What is Alzolam?
Alprazolam or (trade name Xanax ), available under other generic names, is a short-acting anxiolytic of the benzodiazepine class of psychoactive drugs. Alprazolam, like other benzodiazepines, binds to specific sites on the GABAA receptor. Alprazolam is commonly used and FDA approved for the medical treatment of panic disorder, and anxiety disorders, such as generalized anxiety disorder (GAD) or social anxiety disorder (SAD). Alprazolam is available for oral administration in compressed tablet (CT) and extended-release capsule (XR) formulations. Alprazolam possesses anxiolytic, sedative, hypnotic, skeletal muscle relaxant, anticonvulsant, and amnestic properties.
Alprazolam has a fast onset of action and symptomatic relief. Ninety percent of peak effects are achieved within the first hour of using either the CT formulation or the XR formulation in preparation for panic disorder, and full peak effects are achieved in 1.5 and 1.6 hours respectively. Peak benefits achieved for generalized anxiety disorder (GAD) may take up to a week. Tolerance to the anxiolytic/antipanic effects is controversial with some authoritative sources reporting the development of tolerance, and others reporting no development of tolerance; Withdrawal symptoms or rebound symptoms may occur after ceasing treatment abruptly following a few weeks or longer of steady dosing, and may necessitate a gradual dose reduction.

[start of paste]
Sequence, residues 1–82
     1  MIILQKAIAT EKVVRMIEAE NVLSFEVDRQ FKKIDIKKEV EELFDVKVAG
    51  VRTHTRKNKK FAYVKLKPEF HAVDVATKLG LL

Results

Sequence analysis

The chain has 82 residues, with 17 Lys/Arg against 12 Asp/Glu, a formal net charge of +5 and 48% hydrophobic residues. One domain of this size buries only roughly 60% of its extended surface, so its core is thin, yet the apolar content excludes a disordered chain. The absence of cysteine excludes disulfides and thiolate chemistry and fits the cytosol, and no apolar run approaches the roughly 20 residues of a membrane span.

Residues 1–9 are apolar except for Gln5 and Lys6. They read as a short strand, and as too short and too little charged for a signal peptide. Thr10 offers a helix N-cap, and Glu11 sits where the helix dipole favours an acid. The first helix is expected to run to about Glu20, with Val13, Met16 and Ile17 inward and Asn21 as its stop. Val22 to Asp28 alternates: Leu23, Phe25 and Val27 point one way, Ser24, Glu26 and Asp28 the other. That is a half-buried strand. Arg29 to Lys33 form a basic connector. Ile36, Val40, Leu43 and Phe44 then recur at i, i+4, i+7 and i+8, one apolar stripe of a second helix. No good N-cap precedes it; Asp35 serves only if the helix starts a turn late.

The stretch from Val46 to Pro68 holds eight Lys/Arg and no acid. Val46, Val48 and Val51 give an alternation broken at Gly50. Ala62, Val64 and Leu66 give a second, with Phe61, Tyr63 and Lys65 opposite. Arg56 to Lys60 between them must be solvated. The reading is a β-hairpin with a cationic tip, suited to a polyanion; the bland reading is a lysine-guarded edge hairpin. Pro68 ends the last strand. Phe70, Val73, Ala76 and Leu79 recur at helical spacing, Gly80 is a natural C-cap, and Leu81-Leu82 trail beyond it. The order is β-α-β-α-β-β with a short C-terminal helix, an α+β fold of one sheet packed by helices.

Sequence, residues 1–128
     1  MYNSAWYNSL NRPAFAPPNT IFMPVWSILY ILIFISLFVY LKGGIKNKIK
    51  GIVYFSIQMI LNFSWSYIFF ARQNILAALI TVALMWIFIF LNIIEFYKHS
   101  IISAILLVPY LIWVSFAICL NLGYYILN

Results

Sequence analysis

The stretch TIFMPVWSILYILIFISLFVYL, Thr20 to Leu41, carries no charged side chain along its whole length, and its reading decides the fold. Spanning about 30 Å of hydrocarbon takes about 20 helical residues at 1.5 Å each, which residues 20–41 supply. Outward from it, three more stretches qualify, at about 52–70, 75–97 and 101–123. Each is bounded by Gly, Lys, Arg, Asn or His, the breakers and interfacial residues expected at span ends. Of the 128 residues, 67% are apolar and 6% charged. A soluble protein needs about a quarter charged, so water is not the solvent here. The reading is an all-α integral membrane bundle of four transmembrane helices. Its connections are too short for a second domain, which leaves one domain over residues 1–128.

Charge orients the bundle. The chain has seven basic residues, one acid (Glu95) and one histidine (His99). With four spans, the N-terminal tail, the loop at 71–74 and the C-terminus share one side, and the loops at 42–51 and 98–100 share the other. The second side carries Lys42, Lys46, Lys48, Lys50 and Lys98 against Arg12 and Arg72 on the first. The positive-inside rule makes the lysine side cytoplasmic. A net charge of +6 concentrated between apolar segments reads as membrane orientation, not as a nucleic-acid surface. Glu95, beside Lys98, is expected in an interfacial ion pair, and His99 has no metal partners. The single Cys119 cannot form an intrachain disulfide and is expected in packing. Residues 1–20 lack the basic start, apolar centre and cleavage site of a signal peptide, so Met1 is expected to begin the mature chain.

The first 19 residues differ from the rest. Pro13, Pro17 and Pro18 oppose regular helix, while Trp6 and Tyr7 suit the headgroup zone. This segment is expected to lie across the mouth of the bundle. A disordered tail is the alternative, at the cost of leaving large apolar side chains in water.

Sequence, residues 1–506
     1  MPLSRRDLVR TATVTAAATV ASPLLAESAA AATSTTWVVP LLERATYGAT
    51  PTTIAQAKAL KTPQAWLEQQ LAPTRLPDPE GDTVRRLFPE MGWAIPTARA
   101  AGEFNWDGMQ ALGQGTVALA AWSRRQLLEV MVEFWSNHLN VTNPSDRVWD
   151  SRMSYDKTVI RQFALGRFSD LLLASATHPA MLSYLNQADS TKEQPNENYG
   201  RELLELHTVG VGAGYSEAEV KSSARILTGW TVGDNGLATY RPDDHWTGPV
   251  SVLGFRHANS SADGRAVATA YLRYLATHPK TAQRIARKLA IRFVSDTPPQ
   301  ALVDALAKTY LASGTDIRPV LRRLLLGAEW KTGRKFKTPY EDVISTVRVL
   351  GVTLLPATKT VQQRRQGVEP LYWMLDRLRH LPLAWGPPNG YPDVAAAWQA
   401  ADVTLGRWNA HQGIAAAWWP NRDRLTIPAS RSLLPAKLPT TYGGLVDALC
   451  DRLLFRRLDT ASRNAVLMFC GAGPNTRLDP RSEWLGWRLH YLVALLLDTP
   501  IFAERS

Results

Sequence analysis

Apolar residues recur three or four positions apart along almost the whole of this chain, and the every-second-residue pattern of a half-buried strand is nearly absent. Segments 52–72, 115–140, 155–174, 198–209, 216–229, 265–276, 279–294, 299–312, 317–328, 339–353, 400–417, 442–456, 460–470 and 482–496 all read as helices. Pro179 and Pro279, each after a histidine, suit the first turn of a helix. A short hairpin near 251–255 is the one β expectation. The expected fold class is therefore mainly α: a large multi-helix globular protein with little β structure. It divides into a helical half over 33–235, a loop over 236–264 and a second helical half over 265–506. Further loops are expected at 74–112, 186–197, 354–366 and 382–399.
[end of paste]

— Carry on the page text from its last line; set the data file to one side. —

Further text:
Alprazolam was first released by Upjohn (now a part of Pfizer). It is covered under , which was filed on 29 October 1969, granted on 19 October 1976, and expired in September 1993. Alprazolam was released in 1981. and others stating that there is a substantial risk of misuse and dependence in both patients and non-medical users of alprazolam and that the pharmacological properties of alprazolam, high affinity binding, high potency, having a short elimination half-life as well as a rapid onset of action may increase the misuse potential of alprazolam. Compared to the large number of prescriptions, relatively few individuals increase their dose on their own initiative or engage in drug-seeking behavior. Alprazolam is classified as a schedule IV controlled substance by the U.S. Drug Enforcement Administration (DEA).